Labour Minister Tito Mboweni is pushing for yet another commission of inquiry. Instead, he should support the existing National Manpower Commission, argues Martin Brassey
DURING his keynote speech at last week’s Labour Law Conference, Tito Mboweni mooted a new commission of inquiry into labour legislation. “We need a Wiehahn Mark II”, was how he put it (though making it quite plain that a different cock would herald this new dawn).
On the face of it this might seem a fine idea. Industrial action is on the increase and industrial relations structures are badly in need of an overhaul. But there is one problem: the minister already has a commission of this sort — the National Manpower Commission. Over the last five years it has been trying to draw up precisely the sort of blueprint that Mark II might be expected to produce.
Mboweni is shrewd enough to know that, in matters of this sort, two is not twice as good as one. He must also know the risks he runs in sidelining the NMC. It may initially have been ineffectual, but it has become a macro bargaining forum in which the major players can, and do, negotiate over national industrial relations issues.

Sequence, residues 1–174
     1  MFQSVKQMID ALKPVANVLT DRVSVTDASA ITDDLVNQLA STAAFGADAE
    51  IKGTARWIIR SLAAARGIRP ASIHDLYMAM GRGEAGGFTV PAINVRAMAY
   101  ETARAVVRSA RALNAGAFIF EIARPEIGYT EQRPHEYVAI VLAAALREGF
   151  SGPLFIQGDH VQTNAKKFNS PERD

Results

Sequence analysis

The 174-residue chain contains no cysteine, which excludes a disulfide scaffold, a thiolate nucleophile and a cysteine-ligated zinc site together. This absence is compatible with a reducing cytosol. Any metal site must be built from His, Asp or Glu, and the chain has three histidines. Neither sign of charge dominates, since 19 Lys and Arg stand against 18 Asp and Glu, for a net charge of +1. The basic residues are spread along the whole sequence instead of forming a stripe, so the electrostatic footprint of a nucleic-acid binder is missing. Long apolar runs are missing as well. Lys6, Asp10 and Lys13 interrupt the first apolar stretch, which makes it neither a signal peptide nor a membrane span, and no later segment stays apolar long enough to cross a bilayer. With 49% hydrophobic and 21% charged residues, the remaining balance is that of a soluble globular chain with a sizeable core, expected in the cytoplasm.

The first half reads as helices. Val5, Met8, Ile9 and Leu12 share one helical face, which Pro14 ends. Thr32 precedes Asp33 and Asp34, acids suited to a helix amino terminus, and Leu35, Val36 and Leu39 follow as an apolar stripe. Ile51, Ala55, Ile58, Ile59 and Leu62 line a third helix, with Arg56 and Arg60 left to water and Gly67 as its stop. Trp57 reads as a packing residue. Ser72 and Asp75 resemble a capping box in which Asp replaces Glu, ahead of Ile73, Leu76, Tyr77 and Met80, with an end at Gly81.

Putting another commission on its turf cannot be interpreted as a snub. To contemplate alienating these interests, the minister must believe that the NMC cannot deliver the goods.
The goods he is seeking, reasonably enough, are full employment in a flourishing economy. In his speech he made this plain — on several occasions he expressed his concern for the unemployed, who now comprise about half our national work force. As an economist, he knows that excessive regulation can contribute to this problem and, as a politician, he must know that the NMC would be the last to admit that it is doing so. The NMC represents the groups with the most interest in regulation — big capital and big labour — and small entrepreneurs and the unemployed go unheeded there.
Pivotal to this reasoning, of course, is the suspicion that over- regulation is stifling our economy. Is this justified?
Some of the current regulation is the product of collective bargaining in industrial councils. To understand how much it is important to appreciate that collective bargaining, whether central or local, is in itself no breach of free enterprise principles — indeed, being voluntarism writ large, it is arguably its apogee. The breach, if breach there is, lies in the statutory extension of central bargained agreements to non-parties. Since this is impermissible unless the parties represent the majority of those affected, the system can be justified as reflecting majority will.
But its merits, whatever they are, are by the way. Much more important is the fact that the extensions hardly matter in practice. Outside the metal, clothing and related industries few industrial council agreements are extended, and within those industries exemptions from them are liberally granted. Given the passion with which unions embrace this system, so modest an invasion of voluntarist principle should be tolerable even to avid free marketeers.